Lee's stepfather served as a captain in the Intelligence Corps, but it is unlikely he had any influence over Lee's military career. Lee saw him for the last time on a bus in London in 1940, by then divorced from Lee's mother, though Lee did not speak to him. Lee mentioned that during the war he was attached to the Special Operations Executive and the Long Range Desert Group, the precursor of the SAS, but always declined to go into details.
I was attached to the SAS from time to time but we are forbidden – former, present, or future – to discuss any specific operations. Let's just say I was in Special Forces and leave it at that. People can read in to that what they like.
3) He met Prince Yusupov and Grand Duke Dmitri Pavlovich, the assassins of the Russian monk Rasputin. He didn’t do this as research for his later film role as Rasputin (in the 1966 Hammer film Rasputin the Mad Monk), but just as a child in the 1920s.
4) At age 17, he saw the death of the murderer Eugen Weidmann in Paris, the last person in France to be publicly executed by guillotine.
5) During World War II, Lee joined the Royal Air Force but wasn’t allowed to fly because of a problem with his optic nerve. So he became an intelligence officer for the Long Range Desert Patrol, a forerunner of the SAS, Britain’s special forces. He fought the Nazis in North Africa, often having up to five missions a day. During this time he helped retake Sicily, prevented a mutiny among his troops, contracted malaria six times in a single year and climbed Mount Vesuvius three days before it erupted.
6) At some point during the war he moved from the LRDP to Winston Churchill’s even more elite Special Operations Executive, whose missions are literally still classified, but involved “conducting espionage, sabotage and reconnaissance in occupied Europe against the Axis powers.” The SOE was more informally called — and I can’t believe this somehow hasn’t been made into a movie yet — The Ministry of Ungentlemanly Warfare.
7) Lee never said anything specific about his time in the SOE, but he did say this: “I’ve seen many men die right in front of me - so many in fact that I’ve become almost hardened to it. Having seen the worst that human beings can do to each other, the results of torture, mutilation and seeing someone blown to pieces by a bomb, you develop a kind of shell. But you had to. You had to. Otherwise we would never have won.” By the end of the war he’d received commendations for bravery from the British, Polish, Czech and Yugoslavia governments.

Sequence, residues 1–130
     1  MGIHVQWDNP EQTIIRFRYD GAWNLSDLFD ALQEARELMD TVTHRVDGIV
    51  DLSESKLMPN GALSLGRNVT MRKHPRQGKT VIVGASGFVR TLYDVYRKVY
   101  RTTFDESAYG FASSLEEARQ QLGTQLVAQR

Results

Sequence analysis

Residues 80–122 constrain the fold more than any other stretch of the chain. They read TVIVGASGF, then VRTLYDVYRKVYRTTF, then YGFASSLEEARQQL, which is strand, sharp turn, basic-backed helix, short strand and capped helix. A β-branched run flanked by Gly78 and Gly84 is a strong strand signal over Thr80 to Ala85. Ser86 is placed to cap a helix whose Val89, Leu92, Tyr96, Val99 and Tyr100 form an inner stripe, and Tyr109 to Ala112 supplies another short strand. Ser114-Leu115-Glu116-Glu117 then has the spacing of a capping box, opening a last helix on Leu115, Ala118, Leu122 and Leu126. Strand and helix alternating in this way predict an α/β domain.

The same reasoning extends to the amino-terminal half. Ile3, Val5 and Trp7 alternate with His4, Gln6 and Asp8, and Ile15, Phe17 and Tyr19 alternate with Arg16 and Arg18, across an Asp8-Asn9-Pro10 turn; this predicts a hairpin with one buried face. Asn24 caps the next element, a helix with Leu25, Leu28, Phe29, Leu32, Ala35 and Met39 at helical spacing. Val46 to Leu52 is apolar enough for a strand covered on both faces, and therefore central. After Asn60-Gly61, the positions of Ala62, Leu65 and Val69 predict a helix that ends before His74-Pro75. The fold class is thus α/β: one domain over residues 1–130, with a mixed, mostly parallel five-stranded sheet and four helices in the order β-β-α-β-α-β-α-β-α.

At the beginning of the Second World War, Doohan joined the Royal Canadian Artillery and was a member of the 14th (Midland) Field Battery, 2nd Canadian Infantry Division. He was commissioned a lieutenant in the 14th Field Artillery Regiment of the 3rd Canadian Infantry Division. He was sent to England in 1940 for training. He first saw combat landing at Juno Beach on D-Day. Shooting two snipers, Doohan led his men to higher ground through a field of anti-tank mines, where they took defensive positions for the night. Crossing between command posts at 11:30 that night, Doohan was hit by six rounds fired from a Bren Gun by a nervous Canadian sentry: four in his leg, one in the chest, and one through his right middle finger. The bullet to his chest was stopped by a silver cigarette case given to him by his brother. His right middle finger had to be amputated, something he would conceal on-screen during most of his career as an actor.
Doohan graduated from Air Observation Pilot Course 40 with eleven other Canadian artillery officers and flew Taylorcraft Auster Mark V aircraft for 666 (AOP) Squadron, RCAF as a Royal Canadian Artillery officer in support of 1st Army Group Royal Artillery. All three Canadian (AOP) RCAF squadrons were manned by artillery officer-pilots and accompanied by non-commissioned RCA and RCAF personnel serving as observers.
Although he was never actually a member of the Royal Canadian Air Force, Doohan was once labeled the "craziest pilot in the Canadian Air Force". In the late spring of 1945, on Salisbury Plain north of RAF Andover, he slalomed a plane between telegraph poles "to prove it could be done"—earning himself a serious reprimand. (Various accounts cite the plane as a Hurricane or a jet trainer; however, it was a Mark IV Auster.)
...to hero worshiping over paid, over-'roided, whiny, holier than thou sports players and wimpy actors and politicians who would never do active military service in a war zone, finding ways to avoid service and danger.
(Props to Tom Cruise for some dangerous stuntwork in the MI films